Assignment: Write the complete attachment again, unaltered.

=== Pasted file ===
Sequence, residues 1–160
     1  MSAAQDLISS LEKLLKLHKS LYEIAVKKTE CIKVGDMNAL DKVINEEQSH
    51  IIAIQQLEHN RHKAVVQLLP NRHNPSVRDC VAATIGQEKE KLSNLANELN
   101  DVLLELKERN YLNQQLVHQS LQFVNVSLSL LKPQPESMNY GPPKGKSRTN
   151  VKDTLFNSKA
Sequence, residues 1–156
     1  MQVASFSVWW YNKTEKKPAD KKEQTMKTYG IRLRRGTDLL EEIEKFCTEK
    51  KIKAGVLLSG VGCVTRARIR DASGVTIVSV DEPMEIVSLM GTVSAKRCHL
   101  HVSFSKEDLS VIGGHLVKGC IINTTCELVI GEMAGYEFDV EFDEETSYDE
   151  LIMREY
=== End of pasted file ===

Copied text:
Sequence, residues 1–160
     1  MSAAQDLISS LEKLLKLHKS LYEIAVKKTE CIKVGDMNAL DKVINEEQSH
    51  IIAIQQLEHN RHKAVVQLLP NRHNPSVRDC VAATIGQEKE KLSNLANELN
   101  DVLLELKERN YLNQQLVHQS LQFVNVSLSL LKPQPESMNY GPPKGKSRTN
   151  VKDTLFNSKA
Sequence, residues 1–156
     1  MQVASFSVWW YNKTEKKPAD KKEQTMKTYG IRLRRGTDLL EEIEKFCTEK
    51  KIKAGVLLSG VGCVTRARIR DASGVTIVSV DEPMEIVSLM GTVSAKRCHL
   101  HVSFSKEDLS VIGGHLVKGC IINTTCELVI GEMAGYEFDV EFDEETSYDE
   151  LIMREY